The NEILL records document the growth of lacrosse from informal club team play to a more regulated, interscholastic and intercollegiate varsity sport. The bulk of the collection consists of correspondence, minutes, and agendas kept by co-founder Charles Marsters and a handful of other NEILL officers, but with material documenting the growth of the sport at UMass Amherst from the 1950s onward and the addition of women’s lacrosse as a collegiate sport. The collection also includes some printed material (including rulebooks), news clippings, and photographs.

Subjects

  • College sports--New England
  • Lacrosse for women--United States
  • Lacrosse guide
  • Lacrosse--New England--History
  • School sports--New England
  • University of Massachusetts Amherst--Sports

Contributors

  • Boyden, Frank L. (Frank Learoyd), 1879-1972
  • Marsters, Charles E
  • New England Intercollegiate Lacrosse League

Oglesby, Carl, 1935-

Carl Oglesby Papers, ca.1965-2004.
60 boxes (25 linear feet).
Call no.: MS 514

Carl Oglesby, 2006<br />Photo by Jennifer Fels
Carl Oglesby, 2006
Photo by Jennifer Fels

Reflective, critical, and radical, Carl Oglesby was an eloquent voice of the New Left during the 1960s and 1970s. A native of Ohio, Oglesby was working in the defense industry in Ann Arbor, Michigan, in 1964 when he became radicalized by what he saw transpiring in Vietnam. Through his contacts with the Students for a Democratic Society, he was drawn into the nascent antiwar movement, and thanks to his formidable skills as a speaker and writer, rose rapidly to prominence. Elected president of the SDS in 1965, he spent several years traveling nationally and internationally advocating for a variety of political and social causes.

In 1972, Oglesby helped co-found the Assassination Information Bureau which ultimately helped prod the U.S. Congress to reopen the investigation of the assassination of John F. Kennedy. A prolific writer and editor, his major works include Containment and Change (1967), The New Left Reader (1969), The Yankee and Cowboy War (1976), and The JFK Assassination: The Facts and the Theories (1992). The Oglesby Papers include research files, correspondence, published and unpublished writing, with the weight of the collection falling largely on the period after 1975.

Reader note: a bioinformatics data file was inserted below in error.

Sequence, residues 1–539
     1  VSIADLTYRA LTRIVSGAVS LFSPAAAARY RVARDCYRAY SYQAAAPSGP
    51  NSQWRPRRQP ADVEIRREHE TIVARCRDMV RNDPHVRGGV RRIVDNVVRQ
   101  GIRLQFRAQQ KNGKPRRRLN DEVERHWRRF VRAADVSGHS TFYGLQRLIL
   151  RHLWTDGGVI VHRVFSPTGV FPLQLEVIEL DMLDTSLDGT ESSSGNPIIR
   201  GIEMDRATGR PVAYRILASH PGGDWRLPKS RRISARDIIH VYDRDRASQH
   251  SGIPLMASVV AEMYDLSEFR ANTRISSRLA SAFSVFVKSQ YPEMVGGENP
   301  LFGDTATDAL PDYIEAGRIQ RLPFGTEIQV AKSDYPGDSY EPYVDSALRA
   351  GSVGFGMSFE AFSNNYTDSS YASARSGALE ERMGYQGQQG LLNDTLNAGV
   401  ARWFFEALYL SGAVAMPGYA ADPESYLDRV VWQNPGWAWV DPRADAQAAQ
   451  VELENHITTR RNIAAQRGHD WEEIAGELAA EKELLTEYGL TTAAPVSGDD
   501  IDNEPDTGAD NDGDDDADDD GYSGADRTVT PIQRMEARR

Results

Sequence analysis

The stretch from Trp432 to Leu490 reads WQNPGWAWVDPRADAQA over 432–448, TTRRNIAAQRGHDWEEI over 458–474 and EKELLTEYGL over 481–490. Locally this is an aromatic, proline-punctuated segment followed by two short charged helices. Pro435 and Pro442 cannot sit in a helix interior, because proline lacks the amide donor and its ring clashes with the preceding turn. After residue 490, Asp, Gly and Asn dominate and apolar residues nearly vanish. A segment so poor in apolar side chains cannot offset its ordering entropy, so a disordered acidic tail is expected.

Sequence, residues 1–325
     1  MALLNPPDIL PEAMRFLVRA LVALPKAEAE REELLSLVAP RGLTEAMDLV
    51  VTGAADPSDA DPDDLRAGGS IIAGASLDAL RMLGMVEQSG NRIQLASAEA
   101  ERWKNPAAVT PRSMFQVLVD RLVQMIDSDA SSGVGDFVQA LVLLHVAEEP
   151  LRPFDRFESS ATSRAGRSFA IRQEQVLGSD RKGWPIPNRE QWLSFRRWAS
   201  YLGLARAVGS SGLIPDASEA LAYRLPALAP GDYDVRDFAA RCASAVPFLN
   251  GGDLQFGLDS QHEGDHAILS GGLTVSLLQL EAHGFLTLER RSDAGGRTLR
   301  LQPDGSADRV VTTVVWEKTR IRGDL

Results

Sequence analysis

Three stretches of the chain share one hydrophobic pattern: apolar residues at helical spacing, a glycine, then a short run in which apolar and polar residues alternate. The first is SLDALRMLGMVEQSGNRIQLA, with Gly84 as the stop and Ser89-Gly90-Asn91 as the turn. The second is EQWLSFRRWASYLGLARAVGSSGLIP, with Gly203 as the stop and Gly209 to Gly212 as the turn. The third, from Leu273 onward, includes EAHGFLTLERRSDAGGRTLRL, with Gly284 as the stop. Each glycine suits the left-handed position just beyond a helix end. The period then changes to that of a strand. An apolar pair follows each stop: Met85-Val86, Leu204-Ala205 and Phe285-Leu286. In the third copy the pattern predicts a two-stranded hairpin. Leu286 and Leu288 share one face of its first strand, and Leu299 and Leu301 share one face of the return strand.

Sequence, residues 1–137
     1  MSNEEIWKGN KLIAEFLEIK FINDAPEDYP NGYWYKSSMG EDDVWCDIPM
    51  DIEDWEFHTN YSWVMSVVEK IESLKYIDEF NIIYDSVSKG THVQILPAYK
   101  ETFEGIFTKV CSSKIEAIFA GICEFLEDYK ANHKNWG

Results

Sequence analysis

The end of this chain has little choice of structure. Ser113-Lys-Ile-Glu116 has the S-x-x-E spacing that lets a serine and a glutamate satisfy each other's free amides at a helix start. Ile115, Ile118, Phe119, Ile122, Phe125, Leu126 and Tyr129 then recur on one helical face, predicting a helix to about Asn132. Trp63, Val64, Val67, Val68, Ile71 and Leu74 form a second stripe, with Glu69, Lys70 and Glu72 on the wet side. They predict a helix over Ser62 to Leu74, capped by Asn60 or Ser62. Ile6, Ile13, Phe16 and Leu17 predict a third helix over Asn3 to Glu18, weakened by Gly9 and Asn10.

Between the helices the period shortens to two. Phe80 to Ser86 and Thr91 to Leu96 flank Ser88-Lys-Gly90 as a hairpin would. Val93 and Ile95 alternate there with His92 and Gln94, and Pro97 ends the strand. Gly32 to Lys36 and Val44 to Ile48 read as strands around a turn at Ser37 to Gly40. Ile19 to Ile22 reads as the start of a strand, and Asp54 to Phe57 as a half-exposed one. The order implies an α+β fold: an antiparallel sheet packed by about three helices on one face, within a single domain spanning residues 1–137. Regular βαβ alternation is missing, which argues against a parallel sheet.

Subjects

  • Assassination Information Bureau
  • Gehlen, Reinhard, 1902-1979
  • Kennedy, John F. (John Fitzgerald), 1917-1963--Assassination
  • King, Martin Luther, Jr., 1929-1968
  • Pacifists
  • Political activists
  • Student movements
  • Students for a Democratic Society (U.S.)
  • United States--Foreign relations
  • Vietnam War, 1961-1975
  • Watergate Affair, 1972-1974

Contributors

  • Oglesby, Carl, 1935-

People for Economic Survival

People for Economic Survival Records, 1974-1977.
3 boxes (1.5 linear feet).
Call no.: MS 535

Established in October 1974, People for Economic Survival (PES) was a Socialist group based in Northampton, Massachusetts, first organized with the short-term goal of pressuring local banks to sell food stamps. The group’s vision for the longer term, however, was to stimulate change that would result in the replacement of an economy based on corporate profit with one based on people’s needs. After two and half years of community activity, including working for lower utility rates and against cutbacks in welfare, human services, and unemployment benefits, PES disbanded.

The PES collection consists of flyers, meeting minutes, and a full run of Take It, the group’s newsletter.

Subjects

  • Food stamps--Massachusetts
  • Northampton (Mass.)--Economic conditions
  • Northampton (Mass.)--History
  • Public welfare--Law and legislation--Massachusetts
  • Socialism--Massachusetts
  • Unemployment--Massachusetts

Contributors

  • People for Economic Survival

Pioneer Valley Activists

Pioneer Valley Activist Collection, 2000-2007.
2 boxes (1 linear feet).
Call no.: MS 474

Collection of posters and newspaper clippings documenting the work of activists throughout the Pioneer Valley. Although the bulk of the materials relate to protests against the war in Iraq, other issues include rallies and protests at UMass, revival of SDS, the Valley Anarchist Organization, and pro-union demonstrations.

Subjects

  • Political activists--Massachusetts
  • Students for a Democratic Society (U.S.)